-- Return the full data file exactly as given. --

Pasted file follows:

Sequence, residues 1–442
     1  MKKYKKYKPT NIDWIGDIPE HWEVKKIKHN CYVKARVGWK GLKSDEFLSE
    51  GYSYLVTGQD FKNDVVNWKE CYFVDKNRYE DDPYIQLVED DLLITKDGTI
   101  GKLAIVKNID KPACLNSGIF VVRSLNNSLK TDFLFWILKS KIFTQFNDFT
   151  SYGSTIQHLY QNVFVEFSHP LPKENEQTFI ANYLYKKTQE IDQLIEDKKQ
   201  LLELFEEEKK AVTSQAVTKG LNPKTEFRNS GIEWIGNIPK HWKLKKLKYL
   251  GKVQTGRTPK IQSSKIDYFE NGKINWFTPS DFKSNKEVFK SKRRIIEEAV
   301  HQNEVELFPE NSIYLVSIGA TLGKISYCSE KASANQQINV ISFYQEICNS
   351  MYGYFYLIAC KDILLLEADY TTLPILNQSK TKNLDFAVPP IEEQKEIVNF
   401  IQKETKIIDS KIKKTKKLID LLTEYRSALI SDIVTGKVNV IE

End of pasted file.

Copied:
Sequence, residues 1–442
     1  MKKYKKYKPT NIDWIGDIPE HWEVKKIKHN CYVKARVGWK GLKSDEFLSE
    51  GYSYLVTGQD FKNDVVNWKE CYFVDKNRYE DDPYIQLVED DLLITKDGTI
   101  GKLAIVKNID KPACLNSGIF VVRSLNNSLK TDFLFWILKS KIFTQFNDFT
   151  SYGSTIQHLY QNVFVEFSHP LPKENEQTFI ANYLYKKTQE IDQLIEDKKQ
   201  LLELFEEEKK AVTSQAVTKG LNPKTEFRNS GIEWIGNIPK HWKLKKLKYL
   251  GKVQTGRTPK IQSSKIDYFE NGKINWFTPS DFKSNKEVFK SKRRIIEEAV
   301  HQNEVELFPE NSIYLVSIGA TLGKISYCSE KASANQQINV ISFYQEICNS
   351  MYGYFYLIAC KDILLLEADY TTLPILNQSK TKNLDFAVPP IEEQKEIVNF
   401  IQKETKIIDS KIKKTKKLID LLTEYRSALI SDIVTGKVNV IE